Chainalysis, a research firm specialized in blockchain and cryptocurrency market data, as well as its regulations and development, recently made public a study in which concludes that Bitcoin whales are not responsible for the volatility of prices.
The analysis carried out by the company founded in 2014, came to this conclusion after studying the world first 32 Bitcoin wallets, whose total funds added proximately one million BTC – or about $6.3 billion.
So far, hypothesis stated that BTC whales – which hold large amounts of money in Satoshi’s coin – had an excessive influence on the crypto-market, with special emphasis on its constant fluctuations.
With that in mind, Chainalysis analyzed the behavior of the 32 largest Bitcoin wallets in the world, revealing that only a few are actually active.
“The BTC whales are a diverse group, and only about a third of them are active traders. And while these trading whales certainly have the capability of executing transactions large enough to move the market, they have, on net, traded against the herd, buying on price declines”, the report explained.
Running the investigation
To carry out the research, Chainalysis grouped the wallets into four different groups. The first one, held the nine most active, which are owned by traders with at least one year in the crypto ecosystem, and who regularly execute transactions in different crypto exchanges. A total of approximately 332,000 BTC, or $2 billion are in possession of this group, but only 1/3 would be actively traded.
The second group has 15 new investors holding a similar amount altogether, but presenting an even lower level of activity than the first one; also differentiating from the previous group due to the fact that most of them made significant sales between 2016 and 2017, when the Bitcoin price skyrocketed.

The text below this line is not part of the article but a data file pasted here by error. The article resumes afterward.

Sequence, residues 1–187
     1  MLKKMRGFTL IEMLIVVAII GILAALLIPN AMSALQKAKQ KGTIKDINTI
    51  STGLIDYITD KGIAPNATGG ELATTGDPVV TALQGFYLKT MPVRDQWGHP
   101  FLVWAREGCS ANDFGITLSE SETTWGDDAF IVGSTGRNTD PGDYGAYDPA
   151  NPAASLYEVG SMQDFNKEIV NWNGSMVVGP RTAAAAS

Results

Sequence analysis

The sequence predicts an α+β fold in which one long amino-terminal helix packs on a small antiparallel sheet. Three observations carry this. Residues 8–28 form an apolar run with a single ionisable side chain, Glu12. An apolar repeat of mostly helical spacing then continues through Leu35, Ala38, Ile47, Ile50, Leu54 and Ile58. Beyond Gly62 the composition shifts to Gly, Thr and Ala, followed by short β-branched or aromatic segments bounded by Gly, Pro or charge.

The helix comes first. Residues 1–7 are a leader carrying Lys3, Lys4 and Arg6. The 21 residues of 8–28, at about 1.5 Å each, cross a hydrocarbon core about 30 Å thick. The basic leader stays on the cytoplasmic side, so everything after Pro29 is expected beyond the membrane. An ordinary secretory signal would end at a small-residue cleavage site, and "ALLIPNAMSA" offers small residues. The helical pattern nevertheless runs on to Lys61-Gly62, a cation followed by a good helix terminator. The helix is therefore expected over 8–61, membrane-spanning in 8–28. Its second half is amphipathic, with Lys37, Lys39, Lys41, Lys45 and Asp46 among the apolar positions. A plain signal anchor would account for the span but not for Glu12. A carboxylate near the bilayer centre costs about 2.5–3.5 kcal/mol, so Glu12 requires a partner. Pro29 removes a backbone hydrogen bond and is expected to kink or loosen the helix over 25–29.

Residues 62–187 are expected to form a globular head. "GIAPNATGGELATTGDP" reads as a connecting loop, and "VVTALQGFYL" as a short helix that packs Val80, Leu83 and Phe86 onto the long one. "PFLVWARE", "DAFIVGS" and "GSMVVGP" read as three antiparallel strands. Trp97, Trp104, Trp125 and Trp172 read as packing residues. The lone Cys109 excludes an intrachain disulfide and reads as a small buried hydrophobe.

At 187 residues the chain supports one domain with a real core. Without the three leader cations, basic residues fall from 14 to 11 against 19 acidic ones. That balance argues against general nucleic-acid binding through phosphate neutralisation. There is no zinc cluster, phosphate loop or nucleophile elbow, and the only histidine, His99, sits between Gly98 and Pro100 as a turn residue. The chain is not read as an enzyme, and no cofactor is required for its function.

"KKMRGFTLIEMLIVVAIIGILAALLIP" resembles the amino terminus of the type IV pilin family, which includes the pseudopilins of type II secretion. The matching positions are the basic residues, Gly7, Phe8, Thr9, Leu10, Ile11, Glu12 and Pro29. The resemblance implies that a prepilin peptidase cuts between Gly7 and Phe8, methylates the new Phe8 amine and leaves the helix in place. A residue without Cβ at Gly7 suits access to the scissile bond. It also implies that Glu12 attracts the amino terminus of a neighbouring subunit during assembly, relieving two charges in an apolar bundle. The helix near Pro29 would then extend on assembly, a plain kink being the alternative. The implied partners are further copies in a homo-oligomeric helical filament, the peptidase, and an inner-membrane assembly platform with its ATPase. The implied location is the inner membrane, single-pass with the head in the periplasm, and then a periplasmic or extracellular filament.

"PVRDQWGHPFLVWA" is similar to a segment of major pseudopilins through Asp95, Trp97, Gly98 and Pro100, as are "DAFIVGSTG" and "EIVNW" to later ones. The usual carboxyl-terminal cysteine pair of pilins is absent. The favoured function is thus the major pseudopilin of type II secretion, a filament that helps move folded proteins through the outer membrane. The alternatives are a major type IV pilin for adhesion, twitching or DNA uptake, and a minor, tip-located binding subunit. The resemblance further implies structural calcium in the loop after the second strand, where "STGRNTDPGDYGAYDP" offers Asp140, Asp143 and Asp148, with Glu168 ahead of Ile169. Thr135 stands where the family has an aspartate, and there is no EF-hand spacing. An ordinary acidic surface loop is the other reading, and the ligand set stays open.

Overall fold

The third group consisted of three wallets belonging to cyber pirates, adding between them all more than 125,000 BTC or $790 million asset values, while the last group contained wallets considered to be lost, for a value of more than 212.000 cryptocurrencies, approximately $1.300 million, from which there has been no transactions since 2011.
“That net activity demonstrates that trading whales were not selling off Bitcoin in any mass amount, but rather were net receivers of Bitcoin from exchanges in late 2016 and 2017. This indicates that trading whales were, in aggregate, buying on declines and, consequently, were a stabilizing, rather than destabilizing factor in the market”, the report concluded.
Despite the “solidity” of Chainalysis researches in regard to a world based on rumors and speculation, many people from the crypto community are skeptical of the conclusion reached by the data analysis firm, and continue to attribute the constant BTC prices fluctuations to these large volume traders.